Since 2000, the Lakers have been at the place currently known as Toyota Sports Center, built for about $24 million by Anschutz Entertainment Group.

There is only one basketball court at the center and the team long ago outgrew its office space. Several departments, including marketing, ticketing and community relations, are located at a different building down the street.

The Clippers' relatively new training facility is only five miles away in Playa Vista and represents everything the Lakers want — two basketball courts, plenty of executive offices and enviable video and weight rooms in 42,500 square feet.

The Lakers' minor league affiliate, the L.A. D-Fenders, will also be based out of their new complex. The D-Fenders currently play home games at Toyota Center.

Lin officially done

Jeremy Lin's first — and only? — season with the Lakers officially ended Sunday, Coach Byron Scott said.

Lin will have missed the final five games because of a sore left knee, which is not expected to require surgery.

Scott recently acknowledged Lin's season was "up and down" but spoke more highly of him Sunday.

"I think he's obviously gotten better. When he first got here, his mind of what a point guard is was totally different than mine," Scott said. "As we went along, he started to understand what I wanted on a day-to-day basis."

Lin, 26, was in and out of the starting lineup this season and averaged 11.2 points while shooting 42.4%, numbers slightly below his career averages. He will be an unrestricted free this summer and faces a fairly steep pay cut from the $14.9 million he made this season.

"The one thing about him, the kid takes criticism," Scott said. "You can jump on him about things. He takes them with a grain of salt and tries to get better. That's the one thing I do love about him. He doesn't pout about it, doesn't cry. He just goes out there and tries to implement the things that you give him, and tries to be a better basketball player."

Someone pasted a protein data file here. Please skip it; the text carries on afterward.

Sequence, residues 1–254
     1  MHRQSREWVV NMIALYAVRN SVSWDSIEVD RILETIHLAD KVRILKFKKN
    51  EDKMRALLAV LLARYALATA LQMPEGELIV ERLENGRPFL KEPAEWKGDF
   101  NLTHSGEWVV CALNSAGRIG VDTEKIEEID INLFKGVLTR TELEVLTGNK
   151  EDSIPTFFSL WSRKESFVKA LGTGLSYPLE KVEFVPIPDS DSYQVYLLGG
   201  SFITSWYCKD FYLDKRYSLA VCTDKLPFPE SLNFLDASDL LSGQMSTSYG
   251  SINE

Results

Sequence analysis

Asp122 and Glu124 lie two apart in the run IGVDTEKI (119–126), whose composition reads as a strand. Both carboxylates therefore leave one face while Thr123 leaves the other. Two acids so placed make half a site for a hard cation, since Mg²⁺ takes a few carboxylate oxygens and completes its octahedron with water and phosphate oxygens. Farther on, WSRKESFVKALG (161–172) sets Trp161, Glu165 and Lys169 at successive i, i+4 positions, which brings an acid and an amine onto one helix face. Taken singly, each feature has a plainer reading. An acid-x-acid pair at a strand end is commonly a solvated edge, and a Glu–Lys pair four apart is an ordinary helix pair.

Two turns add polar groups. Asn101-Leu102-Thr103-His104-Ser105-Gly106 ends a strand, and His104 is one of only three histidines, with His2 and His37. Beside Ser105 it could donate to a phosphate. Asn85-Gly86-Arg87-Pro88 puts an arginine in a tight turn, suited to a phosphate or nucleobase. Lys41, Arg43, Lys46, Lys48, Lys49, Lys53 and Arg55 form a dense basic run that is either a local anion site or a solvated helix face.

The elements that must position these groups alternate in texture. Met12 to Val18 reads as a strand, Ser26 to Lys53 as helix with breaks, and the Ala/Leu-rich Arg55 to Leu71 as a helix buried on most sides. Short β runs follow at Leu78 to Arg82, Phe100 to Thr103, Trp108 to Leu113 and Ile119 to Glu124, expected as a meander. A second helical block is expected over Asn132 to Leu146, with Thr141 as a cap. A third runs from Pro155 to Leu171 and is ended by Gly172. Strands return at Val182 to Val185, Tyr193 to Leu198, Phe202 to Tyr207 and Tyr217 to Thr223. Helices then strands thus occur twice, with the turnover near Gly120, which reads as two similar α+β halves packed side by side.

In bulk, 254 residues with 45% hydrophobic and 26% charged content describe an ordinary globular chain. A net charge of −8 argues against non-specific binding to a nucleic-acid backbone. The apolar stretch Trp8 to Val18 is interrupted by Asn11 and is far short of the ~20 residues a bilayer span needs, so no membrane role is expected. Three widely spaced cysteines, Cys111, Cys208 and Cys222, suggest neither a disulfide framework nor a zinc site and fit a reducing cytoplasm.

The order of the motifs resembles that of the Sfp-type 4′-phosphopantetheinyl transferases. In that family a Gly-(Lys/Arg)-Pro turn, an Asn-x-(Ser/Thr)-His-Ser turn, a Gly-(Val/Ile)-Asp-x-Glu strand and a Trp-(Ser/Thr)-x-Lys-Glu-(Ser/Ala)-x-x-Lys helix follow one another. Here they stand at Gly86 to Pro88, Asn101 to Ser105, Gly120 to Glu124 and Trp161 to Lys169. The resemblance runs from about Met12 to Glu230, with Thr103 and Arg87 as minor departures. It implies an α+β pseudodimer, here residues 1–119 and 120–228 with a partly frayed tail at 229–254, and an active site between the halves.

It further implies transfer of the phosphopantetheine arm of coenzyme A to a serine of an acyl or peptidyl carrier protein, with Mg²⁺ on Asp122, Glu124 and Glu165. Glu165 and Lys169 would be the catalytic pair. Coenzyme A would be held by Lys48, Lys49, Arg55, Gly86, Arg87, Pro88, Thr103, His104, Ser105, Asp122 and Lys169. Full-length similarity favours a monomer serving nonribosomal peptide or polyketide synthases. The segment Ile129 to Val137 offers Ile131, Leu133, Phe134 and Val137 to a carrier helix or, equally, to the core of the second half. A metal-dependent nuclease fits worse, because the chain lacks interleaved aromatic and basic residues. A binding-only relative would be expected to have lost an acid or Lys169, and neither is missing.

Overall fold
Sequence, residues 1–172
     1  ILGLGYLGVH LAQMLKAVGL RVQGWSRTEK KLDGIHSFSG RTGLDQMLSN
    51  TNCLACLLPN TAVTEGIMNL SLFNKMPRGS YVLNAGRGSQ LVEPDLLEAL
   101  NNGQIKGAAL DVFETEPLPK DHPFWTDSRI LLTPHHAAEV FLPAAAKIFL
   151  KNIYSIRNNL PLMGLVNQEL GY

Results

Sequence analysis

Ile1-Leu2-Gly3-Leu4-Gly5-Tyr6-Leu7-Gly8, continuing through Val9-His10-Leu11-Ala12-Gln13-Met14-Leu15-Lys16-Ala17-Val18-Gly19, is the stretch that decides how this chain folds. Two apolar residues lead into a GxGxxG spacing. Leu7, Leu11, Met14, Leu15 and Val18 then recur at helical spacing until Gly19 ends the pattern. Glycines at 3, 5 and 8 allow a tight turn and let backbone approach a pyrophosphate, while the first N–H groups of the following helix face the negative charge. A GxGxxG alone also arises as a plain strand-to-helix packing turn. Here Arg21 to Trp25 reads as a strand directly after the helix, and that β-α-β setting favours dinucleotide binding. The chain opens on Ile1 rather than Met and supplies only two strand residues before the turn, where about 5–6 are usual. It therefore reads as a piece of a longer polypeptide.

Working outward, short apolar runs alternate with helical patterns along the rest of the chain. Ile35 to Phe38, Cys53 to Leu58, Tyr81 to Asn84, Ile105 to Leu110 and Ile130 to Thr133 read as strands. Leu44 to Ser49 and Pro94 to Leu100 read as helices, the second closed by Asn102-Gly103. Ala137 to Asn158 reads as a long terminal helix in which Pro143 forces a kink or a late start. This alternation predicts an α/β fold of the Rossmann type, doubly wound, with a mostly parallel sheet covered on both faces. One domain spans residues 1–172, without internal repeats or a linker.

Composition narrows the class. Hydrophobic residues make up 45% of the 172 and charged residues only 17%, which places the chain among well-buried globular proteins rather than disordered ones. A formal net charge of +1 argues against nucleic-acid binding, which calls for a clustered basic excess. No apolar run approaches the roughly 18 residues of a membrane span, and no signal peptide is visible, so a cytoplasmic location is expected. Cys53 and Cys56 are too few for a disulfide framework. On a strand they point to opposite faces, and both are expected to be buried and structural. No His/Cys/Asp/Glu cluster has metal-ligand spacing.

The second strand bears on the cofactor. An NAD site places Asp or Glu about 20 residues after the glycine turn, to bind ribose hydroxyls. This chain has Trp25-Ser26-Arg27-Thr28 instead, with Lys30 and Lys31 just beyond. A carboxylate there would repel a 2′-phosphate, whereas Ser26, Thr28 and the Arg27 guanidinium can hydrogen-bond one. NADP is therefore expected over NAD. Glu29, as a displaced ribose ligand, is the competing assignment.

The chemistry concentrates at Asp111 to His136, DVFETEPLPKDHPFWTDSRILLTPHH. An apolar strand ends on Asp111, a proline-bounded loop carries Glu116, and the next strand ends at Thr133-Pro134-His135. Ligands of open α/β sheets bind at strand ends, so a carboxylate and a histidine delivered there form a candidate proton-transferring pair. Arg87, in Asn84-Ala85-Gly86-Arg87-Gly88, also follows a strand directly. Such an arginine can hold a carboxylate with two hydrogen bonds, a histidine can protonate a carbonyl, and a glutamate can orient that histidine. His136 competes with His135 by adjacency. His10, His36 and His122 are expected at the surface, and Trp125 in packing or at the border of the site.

The Lakers will receive Houston's first-round pick as part of the Lin trade last July. A surprising amount of positioning is still taking place in the Western Conference as the regular season winds down, but the pick is conservatively expected to be in the mid-20s.

The Lakers were left with only two healthy guards when Dwight Buycks sustained a broken right hand in the 120-106 loss Sunday to Dallas. Buycks' 10-day contract was set to expire after the game, and it was unclear if the Lakers would sign a third guard to support rookie starters Jordan Clarkson and Jabari Brown for Monday's game at Sacramento.

The Lakers' season finale is Wednesday against Sacramento at Staples Center.


When: 7:00 p.m. PDT.

Where: Sleep Train Arena, Sacramento

On the air: TV: TWC SportsNet, TWC Deportes; Radio: 710, 1330.

Records: Lakers 21-59, Kings 27-53.

Record vs. Kings: 1-1.

Update: Sacramento recently shut down All-Star center DeMarcus Cousins because of a lingering ankle injury and high-scoring forward Rudy Gay because of persistent concussion symptoms. The Lakers end their season Wednesday with a home game against the Kings.


Twitter: @Mike_Bresnahan

Times correspondent Eric Pincus contributed to this report.

Copyright © 2015, Los Angeles Times